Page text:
The research circle
For me as a Curator, one of the joys of the RAMM Leventis project is being able to spend time researching the collection. In the past, curators traditionally spent much of their working time doing research – usually detailed studies of very small and very specialist groups of objects in their museum’s collection. Many people assume this is what we still do today. But the modern-day curator has very little time to spend on this – our role is much more outward looking, we make collections accessible to visitors and enable other people to undertake research. But we can only make collections accessible if we know about the collections ourselves, what objects they contain, and why these objects are significant. It’s a never-ending circle – in order to enable other people to do research we have to ourselves undertake research, but we have little time to do that research as we are enabling others to do theirs… So, being able to justify time on research is a big bonus from this project – and I’ve discovered another interesting story.
Sir Alfred Biliotti
Around 45 Greek objects were given to us in 1887 by Mr CM Kennedy of 27 Kensington Gate, London. Many of these objects were “found at the site of the city of Cameiros, Rhodes” by “Billioti”. I was intrigued who this Biliotti was and why his objects came to us in Exeter, Devon, England. A quick web search led me to this really interesting article about Sir Alfred Biliotti, his life as a British diplomat and his interest in archaeology.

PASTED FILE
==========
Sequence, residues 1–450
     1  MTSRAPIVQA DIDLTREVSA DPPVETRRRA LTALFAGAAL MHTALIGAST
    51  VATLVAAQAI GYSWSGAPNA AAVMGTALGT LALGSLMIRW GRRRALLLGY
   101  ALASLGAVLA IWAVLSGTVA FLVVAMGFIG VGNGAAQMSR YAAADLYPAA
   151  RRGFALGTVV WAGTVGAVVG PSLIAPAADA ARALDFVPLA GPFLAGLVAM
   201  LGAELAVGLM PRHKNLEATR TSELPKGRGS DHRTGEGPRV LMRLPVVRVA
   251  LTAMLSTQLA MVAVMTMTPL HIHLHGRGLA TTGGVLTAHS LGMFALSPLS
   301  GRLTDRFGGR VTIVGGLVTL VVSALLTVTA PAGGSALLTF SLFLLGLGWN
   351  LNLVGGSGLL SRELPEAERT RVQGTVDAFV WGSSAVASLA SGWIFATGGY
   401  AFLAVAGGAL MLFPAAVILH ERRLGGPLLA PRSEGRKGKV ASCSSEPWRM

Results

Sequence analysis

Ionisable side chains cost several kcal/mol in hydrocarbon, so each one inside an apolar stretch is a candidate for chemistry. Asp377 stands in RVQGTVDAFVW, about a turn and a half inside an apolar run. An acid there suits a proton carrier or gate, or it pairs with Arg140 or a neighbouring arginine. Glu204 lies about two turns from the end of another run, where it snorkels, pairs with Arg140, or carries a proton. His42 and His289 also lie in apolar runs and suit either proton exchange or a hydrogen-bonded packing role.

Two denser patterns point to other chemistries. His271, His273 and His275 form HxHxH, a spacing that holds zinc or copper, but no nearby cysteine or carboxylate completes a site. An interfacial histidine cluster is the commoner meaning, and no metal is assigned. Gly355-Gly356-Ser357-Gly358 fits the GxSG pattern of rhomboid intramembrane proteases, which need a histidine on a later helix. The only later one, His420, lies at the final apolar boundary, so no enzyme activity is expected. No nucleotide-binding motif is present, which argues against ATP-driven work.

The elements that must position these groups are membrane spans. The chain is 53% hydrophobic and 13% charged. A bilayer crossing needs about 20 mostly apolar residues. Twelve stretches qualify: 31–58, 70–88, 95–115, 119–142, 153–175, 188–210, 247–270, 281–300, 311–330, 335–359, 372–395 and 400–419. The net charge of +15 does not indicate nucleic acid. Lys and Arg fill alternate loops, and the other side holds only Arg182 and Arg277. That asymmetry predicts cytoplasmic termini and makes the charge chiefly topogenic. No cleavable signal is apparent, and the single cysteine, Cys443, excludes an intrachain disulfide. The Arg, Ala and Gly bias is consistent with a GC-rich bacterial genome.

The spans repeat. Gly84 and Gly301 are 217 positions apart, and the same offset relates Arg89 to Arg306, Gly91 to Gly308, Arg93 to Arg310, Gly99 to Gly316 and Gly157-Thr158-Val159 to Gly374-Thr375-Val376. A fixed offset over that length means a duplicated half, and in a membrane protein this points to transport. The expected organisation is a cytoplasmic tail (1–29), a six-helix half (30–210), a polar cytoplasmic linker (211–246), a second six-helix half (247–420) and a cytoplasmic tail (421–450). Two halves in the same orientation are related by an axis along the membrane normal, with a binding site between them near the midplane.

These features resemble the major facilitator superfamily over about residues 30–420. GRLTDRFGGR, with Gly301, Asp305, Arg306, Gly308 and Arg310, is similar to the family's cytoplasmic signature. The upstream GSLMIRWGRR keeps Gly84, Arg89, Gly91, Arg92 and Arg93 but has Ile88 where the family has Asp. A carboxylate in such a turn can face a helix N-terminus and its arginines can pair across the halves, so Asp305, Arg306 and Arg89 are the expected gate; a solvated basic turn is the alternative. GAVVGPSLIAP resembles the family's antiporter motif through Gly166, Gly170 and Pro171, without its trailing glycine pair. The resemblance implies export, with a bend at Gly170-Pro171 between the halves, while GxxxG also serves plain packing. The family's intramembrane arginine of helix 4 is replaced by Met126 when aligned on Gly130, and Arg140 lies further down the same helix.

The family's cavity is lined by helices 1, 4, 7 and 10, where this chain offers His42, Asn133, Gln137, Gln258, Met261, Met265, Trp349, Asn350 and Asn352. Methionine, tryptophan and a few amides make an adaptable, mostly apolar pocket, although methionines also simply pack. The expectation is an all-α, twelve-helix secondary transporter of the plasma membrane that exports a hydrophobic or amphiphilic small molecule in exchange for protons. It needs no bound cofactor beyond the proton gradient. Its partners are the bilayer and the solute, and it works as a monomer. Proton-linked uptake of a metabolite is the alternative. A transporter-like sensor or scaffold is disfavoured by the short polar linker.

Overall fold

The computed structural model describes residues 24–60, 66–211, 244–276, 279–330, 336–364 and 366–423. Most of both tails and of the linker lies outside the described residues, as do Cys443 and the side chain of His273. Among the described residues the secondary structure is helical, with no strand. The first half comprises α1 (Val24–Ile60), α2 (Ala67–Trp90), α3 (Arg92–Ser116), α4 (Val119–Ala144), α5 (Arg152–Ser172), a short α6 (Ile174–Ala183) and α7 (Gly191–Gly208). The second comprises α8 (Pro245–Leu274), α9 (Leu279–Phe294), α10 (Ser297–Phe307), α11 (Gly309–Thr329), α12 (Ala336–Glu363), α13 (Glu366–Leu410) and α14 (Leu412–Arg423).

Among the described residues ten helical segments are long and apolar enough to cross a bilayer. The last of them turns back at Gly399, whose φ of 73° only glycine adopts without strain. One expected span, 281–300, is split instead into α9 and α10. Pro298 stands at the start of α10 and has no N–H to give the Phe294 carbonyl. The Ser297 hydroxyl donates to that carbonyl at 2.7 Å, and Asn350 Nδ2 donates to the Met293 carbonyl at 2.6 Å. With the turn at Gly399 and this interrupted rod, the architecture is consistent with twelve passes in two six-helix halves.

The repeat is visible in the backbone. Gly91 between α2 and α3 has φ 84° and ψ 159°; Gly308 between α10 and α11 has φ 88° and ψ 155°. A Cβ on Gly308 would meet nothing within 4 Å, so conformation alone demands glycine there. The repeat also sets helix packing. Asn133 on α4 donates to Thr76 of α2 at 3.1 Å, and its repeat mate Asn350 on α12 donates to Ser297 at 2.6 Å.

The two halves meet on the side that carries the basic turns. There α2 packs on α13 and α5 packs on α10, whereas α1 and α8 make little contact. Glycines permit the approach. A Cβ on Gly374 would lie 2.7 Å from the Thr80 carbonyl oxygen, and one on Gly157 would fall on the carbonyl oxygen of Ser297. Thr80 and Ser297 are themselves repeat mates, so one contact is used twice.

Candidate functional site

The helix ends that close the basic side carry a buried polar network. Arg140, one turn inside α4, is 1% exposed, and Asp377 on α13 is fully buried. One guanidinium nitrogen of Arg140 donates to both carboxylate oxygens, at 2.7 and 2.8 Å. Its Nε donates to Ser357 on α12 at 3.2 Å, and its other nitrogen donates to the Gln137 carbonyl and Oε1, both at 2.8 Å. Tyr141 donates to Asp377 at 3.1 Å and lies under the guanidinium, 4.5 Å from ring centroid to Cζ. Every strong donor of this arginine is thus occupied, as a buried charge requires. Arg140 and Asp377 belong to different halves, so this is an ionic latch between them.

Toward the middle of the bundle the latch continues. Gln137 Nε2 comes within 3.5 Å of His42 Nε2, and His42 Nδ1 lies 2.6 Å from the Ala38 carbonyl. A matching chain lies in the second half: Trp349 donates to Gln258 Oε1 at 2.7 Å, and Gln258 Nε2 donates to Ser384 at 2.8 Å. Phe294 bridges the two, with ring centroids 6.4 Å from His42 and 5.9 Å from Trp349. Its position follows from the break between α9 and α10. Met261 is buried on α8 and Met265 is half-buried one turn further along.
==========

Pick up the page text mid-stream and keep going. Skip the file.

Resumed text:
So who was Mr Kennedy?
It seems Biliotti spent 12 years excavating at Kamerios on Rhodes, and many of the objects he discovered were donated to the British Museum. But others ended up in our collection in Exeter, and they came to us via this Mr Kennedy. I now need to try and discover who this Mr Kennedy was, and what link he had to us here in Exeter. Was he a friend of Biliotti? Was he also a diplomat? Did he have a family connection to Devon? If any of you reading this has any information about CM Kennedy please get in contact!
Donating to Devon
The discovery of our link to Biliotti is yet another piece in the RAMM puzzle, showing that much of our Greek and Cypriot archaeology collection was originally collected by diplomats working for the British Empire. You can read about Cobham, another diplomat and one of RAMM’s important donors, in this earlier post. Many of these diplomats retired to the county of Devon. Today Devon still has a reputation as being somewhere nice to retire to – I wonder what objects we’ll acquire in the future from these retired folk?